It took a year, but finally Motorola (MOT) Chief Executive Ed Zander addressed Wall Street on Oct. 25 with some positive news: Motorola netted $60 million in profit in the third quarter. While that's a far cry from last year's profit of $968 million, it's welcome news after two quarters of losses. Revenue of $8.8 billion was also below the prior year's $10.6 billion, but an improvement over last quarter's $8.7 billion. And best of all, the sputtering mobile-phone unit increased sales, units shipped, and gross margins while lowering operating expenses. In a word, Zander told the Street that Motorola is making 'progress.'
But progress doesn't yet mean turnaround. Motorola continues to lose market share to rivals Nokia (NOK) and Samsung (SSNKF). Its lineup of phones remains underwhelming, especially in the area of cutting-edge multimedia phones, and profitability, while better, is far from ideal.
In an interview with BusinessWeek, Zander spoke candidly about his company's struggles and what's needed to return Motorola to the sizzling growth pace of 2004 and 2005. 'In the first half of the year, we were sort of figuring out which end was up,' he says of the company's recent forecast reductions. 'Unfortunately, we had some pre-announcements and shareholder confidence certainly was shaken at the time.' Now, as in Zander's early days with Motorola, the emphasis is on execution. 'We wanted to get back to doing what we said we were going to do,' he says. 'We want to set goals"&brkbar;and meet them.'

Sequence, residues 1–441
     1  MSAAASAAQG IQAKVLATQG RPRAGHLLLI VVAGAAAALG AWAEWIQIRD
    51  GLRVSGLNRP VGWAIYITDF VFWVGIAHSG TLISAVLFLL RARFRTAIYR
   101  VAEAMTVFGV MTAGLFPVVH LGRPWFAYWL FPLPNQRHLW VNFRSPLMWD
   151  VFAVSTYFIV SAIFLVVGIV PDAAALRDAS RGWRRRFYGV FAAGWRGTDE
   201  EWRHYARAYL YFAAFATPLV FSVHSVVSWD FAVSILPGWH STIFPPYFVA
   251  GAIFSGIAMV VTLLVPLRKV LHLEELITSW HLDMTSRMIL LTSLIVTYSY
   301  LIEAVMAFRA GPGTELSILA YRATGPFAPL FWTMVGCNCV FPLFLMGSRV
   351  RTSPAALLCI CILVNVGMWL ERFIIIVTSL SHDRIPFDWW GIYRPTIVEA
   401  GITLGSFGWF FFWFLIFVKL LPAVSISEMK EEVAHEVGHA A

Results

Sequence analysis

Motorola did that in the third quarter by taking an ax to costs. The company spent $1.1 billion on research and development, vs. $1.2 billion the previous quarter. Marketing expenses were $1.2 billion, down from $1.3 billion in the previous quarter. Plus, it finally released a successor to its popular Razr line of phones, helping boost profit margins. 'We're not trying to overhype anything,' Zander says. 'We want our numbers to do the talking. When we say we're introducing new products, we do it. That's what we did when I first got here in 2004.'
Investors liked what the third-quarter numbers had to say. Motorola shares jumped 4% after the results were released, closing at $19.30, and gained further in extended trading. 'It shows management has a handle on the business,' says Matthew Hoffman, an analyst with Cowen & Co.. 'They have it stabilized.' The next leg up for the stock may come when investors are persuaded there is a product-led rebound.
That's where Zander's biggest challenges lie. Motorola shipped 37.2 million handsets during the quarter giving it a 13% market share, trailing Samsung and No. 1 Nokia. In addition to the Razr 2, it unveiled seven new, lower-end handsets and a dual-mode walkie-talkie device. But analysts and consumers are looking for Motorola to step up its delivery of next-generation phones that pack a variety of multimedia features such as TV, gaming, music, and more.
It's not that Motorola doesn't have those phones, but simply that they still don't measure up to elite models on the market, analysts say. Zander, along with Chief Operating Officer Greg Brown and new Mobile Devices President Stu Reed, are racing to get multifunction operating systems such as Sun Microsystems' (JAVA) Java and the open-source Linux into high-end phones. Right now, when the consumer handles the most recent version of the Razr it looks and feels a lot like an earlier generation of handsets, Hoffman says.